Monday, March 05, 2007

Heads, You Lose

During our last podcast taping Dinah was busy sending email to Roy and Roy was distracted by cookie dough. It's amazing we ever get any of these things done. Anyway, I promised to do a followup blog post on the issue of neurological injuries and criminal culpability in response to Sandra of OmniBrain's question. Here it is.

First of all, in order to be guilty of a crime the state has to prove two things: that you committed the criminal act (also called the actus reus) and that you had a criminal intent or mental state (the mens rea). Both of these elements must be proven beyond a reasonable doubt in order to convict someone of a crime.

Mental state issues come into play when the defendant puts up what's called a 'mens rea' defense---for example, an insanity plea. Another type of mens rea defense is generically called a 'diminished capacity' defense. This just means that there was something about the defendant's thinking that impaired his ability to form a guilty intent, but this 'something' is not so severe as to be considered insanity.

The most common example of a diminished capacity defense is acute substance intoxication. By law this is barred as an insanity defense, but it can reduce mental state culpability to a more serious crime. For example, someone charged with first degree murder could be acquitted of that charge because of intoxication and instead convicted of the less serious offense of manslaughter. Diminished capacity defenses don't generally lead to acquittal, just conviction on a lesser charge. Some states bar the use of diminished capacity completely.

I don't have exact numbers but off the top of my head I can tell you that easily two-thirds of the prisoners I see have a history of some type of head trauma. They do impulsive things and get into accidents. They wreck their motorcycles and their cars. They get into fights and get the...uh...stuffing beat out of them. Outside of the trauma area they also carry the neurologic sequellae of their lifestyles---alcoholic dementia, HIV dementia, sometimes strokes from untreated hypertension. All this is added onto environmental developmental insults like lead poisoning.

OK, so how does brain injury or neurogic impairment relate to criminal prosecution?

My answer is that there's not much of a relationship, although if the injury is severe enough it could fall into the realm of insanity. The fact of the matter is that there's a big leap between what you see on an MRI or on neuropsych testing and a person's actual functional capacity. The more prisoners I see the more I realize you really don't need to have that many functional neurons to get by in life. When it comes to moral reasoning, you need even less. Child development theorists know that social conscience is usually in place by the age of ten. A basic understanding of Miranda rights can be grasped by anyone with a fifth grade reading level. If there's any real question about it the judge can order a competency assessment to determine mental capacity to stand trial.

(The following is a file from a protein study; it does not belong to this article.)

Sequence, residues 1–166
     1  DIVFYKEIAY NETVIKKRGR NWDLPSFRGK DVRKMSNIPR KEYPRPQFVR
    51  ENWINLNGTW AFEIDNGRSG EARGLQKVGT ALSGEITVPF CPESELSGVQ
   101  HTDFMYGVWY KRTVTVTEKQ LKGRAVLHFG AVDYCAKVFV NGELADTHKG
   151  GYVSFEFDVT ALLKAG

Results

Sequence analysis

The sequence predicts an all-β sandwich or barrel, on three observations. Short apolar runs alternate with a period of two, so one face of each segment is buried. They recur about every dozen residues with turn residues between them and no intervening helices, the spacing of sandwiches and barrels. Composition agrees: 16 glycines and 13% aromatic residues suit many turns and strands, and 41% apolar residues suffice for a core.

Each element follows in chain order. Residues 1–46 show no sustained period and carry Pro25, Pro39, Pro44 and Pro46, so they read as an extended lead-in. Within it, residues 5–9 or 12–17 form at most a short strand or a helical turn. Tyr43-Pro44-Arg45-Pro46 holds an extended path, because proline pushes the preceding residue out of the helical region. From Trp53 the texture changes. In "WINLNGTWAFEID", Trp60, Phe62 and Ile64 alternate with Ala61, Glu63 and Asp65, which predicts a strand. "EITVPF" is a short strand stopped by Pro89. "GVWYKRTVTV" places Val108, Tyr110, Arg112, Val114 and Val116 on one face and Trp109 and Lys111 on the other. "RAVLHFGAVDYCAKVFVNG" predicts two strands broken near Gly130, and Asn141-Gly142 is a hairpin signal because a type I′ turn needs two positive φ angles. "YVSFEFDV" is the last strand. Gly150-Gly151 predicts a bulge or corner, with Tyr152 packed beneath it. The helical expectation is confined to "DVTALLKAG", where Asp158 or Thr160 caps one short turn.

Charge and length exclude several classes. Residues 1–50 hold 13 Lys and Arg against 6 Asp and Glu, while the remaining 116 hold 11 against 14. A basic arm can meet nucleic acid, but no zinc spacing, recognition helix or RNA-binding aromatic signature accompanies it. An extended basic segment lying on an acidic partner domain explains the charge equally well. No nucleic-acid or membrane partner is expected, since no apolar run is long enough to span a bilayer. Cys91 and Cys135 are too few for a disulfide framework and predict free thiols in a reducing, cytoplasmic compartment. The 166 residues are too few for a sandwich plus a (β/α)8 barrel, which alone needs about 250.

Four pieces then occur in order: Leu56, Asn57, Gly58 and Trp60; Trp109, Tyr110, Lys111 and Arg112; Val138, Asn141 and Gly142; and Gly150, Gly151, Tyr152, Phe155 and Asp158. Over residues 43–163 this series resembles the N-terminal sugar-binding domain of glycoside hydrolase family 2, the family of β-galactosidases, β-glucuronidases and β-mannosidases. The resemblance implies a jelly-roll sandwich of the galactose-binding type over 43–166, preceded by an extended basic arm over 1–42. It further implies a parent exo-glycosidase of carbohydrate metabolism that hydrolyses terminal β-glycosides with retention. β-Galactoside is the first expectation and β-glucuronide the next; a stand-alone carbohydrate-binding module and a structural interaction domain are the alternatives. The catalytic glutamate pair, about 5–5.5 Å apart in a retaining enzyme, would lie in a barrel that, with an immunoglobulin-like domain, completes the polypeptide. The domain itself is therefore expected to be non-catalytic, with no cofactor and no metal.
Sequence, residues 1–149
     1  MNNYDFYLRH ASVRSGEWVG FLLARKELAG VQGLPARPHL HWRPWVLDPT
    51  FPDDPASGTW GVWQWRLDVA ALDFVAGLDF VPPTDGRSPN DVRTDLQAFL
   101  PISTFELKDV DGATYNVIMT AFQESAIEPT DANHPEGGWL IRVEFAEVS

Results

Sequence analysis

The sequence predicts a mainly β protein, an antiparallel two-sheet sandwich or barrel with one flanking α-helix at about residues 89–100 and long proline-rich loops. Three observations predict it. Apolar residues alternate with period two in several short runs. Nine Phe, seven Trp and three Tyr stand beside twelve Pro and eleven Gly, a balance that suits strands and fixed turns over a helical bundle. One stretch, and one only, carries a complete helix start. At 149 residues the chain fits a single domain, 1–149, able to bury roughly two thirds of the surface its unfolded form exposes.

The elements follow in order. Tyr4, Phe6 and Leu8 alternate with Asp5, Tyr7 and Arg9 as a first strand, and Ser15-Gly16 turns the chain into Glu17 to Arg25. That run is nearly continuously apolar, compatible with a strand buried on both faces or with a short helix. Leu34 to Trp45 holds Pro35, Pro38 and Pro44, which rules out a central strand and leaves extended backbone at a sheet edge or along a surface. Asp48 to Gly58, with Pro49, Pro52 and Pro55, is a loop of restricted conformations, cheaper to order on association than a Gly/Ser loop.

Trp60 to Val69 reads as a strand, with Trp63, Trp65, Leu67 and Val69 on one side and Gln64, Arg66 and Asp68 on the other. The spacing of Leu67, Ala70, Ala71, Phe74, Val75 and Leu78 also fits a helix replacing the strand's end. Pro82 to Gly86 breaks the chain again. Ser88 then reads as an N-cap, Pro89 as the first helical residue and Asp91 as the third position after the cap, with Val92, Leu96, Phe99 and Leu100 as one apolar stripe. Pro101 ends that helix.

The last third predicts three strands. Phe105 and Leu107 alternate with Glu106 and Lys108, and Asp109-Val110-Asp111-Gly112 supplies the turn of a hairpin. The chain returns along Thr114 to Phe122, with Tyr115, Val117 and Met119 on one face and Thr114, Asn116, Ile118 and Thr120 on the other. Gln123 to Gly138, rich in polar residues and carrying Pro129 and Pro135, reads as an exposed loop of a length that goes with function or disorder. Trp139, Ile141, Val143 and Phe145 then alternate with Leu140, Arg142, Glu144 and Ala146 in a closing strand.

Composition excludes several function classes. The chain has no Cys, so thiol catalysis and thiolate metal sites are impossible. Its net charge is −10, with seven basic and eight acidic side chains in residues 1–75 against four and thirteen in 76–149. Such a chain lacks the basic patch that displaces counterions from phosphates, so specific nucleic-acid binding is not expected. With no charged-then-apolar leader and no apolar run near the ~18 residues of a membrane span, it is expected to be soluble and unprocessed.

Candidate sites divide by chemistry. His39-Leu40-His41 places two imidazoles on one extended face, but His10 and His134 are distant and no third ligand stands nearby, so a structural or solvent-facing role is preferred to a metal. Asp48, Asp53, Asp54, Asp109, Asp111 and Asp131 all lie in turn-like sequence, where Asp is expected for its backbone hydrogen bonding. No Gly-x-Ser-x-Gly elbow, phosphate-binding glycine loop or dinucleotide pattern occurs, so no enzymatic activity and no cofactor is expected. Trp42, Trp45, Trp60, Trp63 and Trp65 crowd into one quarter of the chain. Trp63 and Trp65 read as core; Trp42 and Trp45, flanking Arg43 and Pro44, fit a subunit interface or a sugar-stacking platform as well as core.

This is probably more than anyone needed or wanted to know, but here you have it.

Pass the cookie dough.


Dinah said...

Long day and I'm tired. I raced from the gym (where I read People Magazine and now know who all is in rehab) to the grocery store, emergency mission to get Max food. Rushing , I closed the minivan hatch onto my head. Ouch. Please document this, I want legal mitigation for all future crimes.

ClinkShrink said...

Congratulations! You're the only person to comment on this post in the 24 hours it's been up. In return I'll be happy to declare you irresponsible.

NeoNurseChic said...

Oh Dinah - if that gets you off the hook for all future crimes, then surely I'm off the hook for all the drain bamage I've acrued on account of the headaches and subsequent treatment! haha One of my brain CT scans even showed mild volume loss! Oh and the article in which I was a case study is now online early for "Headache" - and it talks all about how I have 9 white matter lesions, and that young female migraineurs are at greater risk for CADASIL. And they were making an association between CADASIL and avascular necrosis - potentially. They weren't saying I have CADASIL - just using my case study to point out potential connections and maybe other factors to consider.

So I think my brain is significantly screwed up enough to be exempt from responsibility for all future crimes! hahaha....

Sorry you bumped your head, though!! I've done that on my parents' jeep (I'm a total klutz), and it hurts!!

Take care!
Carrie :)

Dinah said...

What's CaDASIL>>?